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At what point does a robot become a person?
There have been plenty of articles, scholarly and otherwise, that have asked that question. Does a robot become a real person when they achieve self-awareness? Think independently? Develop actual emotions?
But don't worry; we're not going to delve into the complexities of theoretical speculation here.
What we are going to talk about here is something more tangible: Delivery robots, aka “personal delivery devices," or PDDs.
You may have already seen them skittering along a sidewalk in a city where the state has allowed their use. They're not much to see – basically, just a box on wheels – so you would be forgiven for doubting that these meager objects pose any kind of existential threat to society.
But if you are the type whose doubts run in the opposite direction, then you might be interested in how the laws in these states are regulating delivery robots. You might be interested in how they are starting to give robots something like legal personhood. You might be wondering if these are the first manifestations of the Robot Overlord to come, but… well, let's not get ahead of ourselves.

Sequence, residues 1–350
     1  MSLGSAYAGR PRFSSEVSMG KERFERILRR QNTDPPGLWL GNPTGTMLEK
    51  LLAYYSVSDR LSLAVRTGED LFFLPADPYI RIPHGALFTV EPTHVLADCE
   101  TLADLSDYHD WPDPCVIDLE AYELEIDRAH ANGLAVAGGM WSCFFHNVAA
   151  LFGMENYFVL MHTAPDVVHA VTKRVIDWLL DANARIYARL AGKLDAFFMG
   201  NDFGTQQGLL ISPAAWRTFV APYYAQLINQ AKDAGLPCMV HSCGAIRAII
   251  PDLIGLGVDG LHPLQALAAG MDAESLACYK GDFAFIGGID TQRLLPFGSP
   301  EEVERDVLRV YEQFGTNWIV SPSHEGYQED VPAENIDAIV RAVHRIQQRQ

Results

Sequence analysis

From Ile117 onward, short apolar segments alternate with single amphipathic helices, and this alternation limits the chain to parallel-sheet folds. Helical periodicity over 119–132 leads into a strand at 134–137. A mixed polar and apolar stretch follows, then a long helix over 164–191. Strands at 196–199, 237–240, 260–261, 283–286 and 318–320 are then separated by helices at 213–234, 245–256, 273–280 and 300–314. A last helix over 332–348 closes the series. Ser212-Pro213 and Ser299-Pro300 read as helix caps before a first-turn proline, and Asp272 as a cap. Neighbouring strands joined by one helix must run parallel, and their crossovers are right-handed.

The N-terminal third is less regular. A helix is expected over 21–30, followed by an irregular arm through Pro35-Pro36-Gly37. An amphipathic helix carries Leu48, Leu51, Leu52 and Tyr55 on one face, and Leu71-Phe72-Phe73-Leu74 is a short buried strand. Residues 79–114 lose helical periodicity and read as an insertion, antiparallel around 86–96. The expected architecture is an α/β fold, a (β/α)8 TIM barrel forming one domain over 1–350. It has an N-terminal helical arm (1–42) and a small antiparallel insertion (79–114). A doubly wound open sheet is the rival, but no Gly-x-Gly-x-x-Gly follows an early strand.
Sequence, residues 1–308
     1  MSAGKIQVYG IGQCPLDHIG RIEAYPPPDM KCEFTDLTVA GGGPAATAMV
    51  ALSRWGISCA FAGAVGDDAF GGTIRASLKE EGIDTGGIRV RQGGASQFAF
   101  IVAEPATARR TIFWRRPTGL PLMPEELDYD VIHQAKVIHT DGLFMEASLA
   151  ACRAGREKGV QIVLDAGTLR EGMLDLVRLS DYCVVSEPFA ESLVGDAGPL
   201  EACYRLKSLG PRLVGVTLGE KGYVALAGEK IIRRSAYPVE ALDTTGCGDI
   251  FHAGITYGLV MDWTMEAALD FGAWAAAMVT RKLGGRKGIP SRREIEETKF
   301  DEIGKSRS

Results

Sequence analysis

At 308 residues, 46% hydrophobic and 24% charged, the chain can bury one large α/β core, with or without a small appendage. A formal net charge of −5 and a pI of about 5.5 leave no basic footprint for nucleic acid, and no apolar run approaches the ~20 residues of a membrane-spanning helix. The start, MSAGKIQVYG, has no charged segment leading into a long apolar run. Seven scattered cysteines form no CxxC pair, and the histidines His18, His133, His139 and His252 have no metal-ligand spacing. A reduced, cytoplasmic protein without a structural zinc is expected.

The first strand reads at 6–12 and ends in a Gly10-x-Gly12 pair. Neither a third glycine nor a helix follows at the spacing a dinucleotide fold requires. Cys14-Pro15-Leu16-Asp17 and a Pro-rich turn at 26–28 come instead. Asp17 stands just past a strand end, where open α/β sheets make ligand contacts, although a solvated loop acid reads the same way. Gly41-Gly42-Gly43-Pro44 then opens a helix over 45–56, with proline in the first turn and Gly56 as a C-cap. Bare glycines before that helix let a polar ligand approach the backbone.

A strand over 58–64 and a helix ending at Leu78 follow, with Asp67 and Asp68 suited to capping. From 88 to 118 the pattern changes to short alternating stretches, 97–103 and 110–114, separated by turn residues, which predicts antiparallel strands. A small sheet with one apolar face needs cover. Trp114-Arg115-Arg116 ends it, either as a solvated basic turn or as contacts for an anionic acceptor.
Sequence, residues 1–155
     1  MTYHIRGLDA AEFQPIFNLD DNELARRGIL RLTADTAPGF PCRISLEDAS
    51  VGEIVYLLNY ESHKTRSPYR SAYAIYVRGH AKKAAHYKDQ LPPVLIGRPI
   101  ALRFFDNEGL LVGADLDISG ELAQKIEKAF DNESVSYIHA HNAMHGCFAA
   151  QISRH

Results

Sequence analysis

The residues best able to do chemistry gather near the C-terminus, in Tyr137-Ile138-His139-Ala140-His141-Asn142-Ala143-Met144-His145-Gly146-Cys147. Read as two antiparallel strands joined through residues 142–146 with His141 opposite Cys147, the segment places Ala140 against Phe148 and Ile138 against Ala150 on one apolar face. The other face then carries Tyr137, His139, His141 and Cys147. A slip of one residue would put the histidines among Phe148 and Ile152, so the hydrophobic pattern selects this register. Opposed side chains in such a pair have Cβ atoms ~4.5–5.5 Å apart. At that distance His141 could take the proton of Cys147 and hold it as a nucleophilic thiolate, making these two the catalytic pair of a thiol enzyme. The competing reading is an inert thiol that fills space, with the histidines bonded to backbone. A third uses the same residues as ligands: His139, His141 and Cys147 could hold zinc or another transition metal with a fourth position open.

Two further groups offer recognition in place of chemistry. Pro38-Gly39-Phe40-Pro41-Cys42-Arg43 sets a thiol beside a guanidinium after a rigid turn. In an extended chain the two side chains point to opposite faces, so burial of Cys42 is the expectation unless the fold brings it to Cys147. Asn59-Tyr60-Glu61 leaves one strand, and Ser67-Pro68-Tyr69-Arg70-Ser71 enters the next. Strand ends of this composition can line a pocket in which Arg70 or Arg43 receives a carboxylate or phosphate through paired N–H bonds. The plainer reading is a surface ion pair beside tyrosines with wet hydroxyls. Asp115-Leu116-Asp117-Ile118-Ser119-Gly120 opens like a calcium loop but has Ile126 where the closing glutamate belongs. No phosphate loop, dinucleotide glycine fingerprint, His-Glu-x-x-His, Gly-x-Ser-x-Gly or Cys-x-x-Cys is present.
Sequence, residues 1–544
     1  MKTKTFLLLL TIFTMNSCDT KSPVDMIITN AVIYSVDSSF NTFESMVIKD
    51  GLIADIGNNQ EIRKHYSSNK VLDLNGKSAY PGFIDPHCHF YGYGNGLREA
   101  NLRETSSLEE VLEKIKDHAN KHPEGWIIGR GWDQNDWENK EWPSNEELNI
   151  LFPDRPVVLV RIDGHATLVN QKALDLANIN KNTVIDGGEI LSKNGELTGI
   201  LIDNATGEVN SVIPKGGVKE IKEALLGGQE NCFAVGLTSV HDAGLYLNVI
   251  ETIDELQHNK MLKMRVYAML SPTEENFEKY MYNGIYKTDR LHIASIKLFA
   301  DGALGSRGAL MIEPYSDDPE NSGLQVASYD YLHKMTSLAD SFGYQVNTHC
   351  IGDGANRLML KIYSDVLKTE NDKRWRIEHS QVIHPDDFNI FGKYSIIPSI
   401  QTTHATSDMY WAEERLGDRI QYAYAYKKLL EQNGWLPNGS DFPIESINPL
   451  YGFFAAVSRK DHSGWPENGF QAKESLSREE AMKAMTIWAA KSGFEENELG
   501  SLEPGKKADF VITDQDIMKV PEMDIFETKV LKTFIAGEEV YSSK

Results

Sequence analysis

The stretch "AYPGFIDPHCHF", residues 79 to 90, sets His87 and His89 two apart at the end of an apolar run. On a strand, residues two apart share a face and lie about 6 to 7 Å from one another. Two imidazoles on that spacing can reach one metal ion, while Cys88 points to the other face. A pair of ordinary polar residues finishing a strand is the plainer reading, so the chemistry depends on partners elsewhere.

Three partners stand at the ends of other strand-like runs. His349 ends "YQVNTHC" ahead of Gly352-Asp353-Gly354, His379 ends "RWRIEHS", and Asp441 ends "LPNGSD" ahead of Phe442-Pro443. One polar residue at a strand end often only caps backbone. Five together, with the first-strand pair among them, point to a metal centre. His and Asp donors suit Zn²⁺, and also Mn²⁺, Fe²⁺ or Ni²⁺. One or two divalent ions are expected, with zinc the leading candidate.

There are 12 of these states now, according to Axios, and typically the enabling laws speak about providing delivery robots the same kinds of mobility that human pedestrians have. Virginia's law, for instance, says that a PDD operating on a sidewalk or crosswalk “shall have all the rights and responsibilities applicable to a pedestrian under the same circumstances."
The Virginia law, passed in 2017, was the first of its kind in the nation. The most recent, passed by Pennsylvania in late 2020, contains even stronger language: “A personal delivery device shall be regulated as a pedestrian and shall not be deemed a vehicle."
Maybe it's wise at this point to take a step back to describe these PDDs. They look nothing like a human. Sure, they “see" so that they avoid running into things. But, again, they are essentially boxes on wheels.
So are they a pedestrian?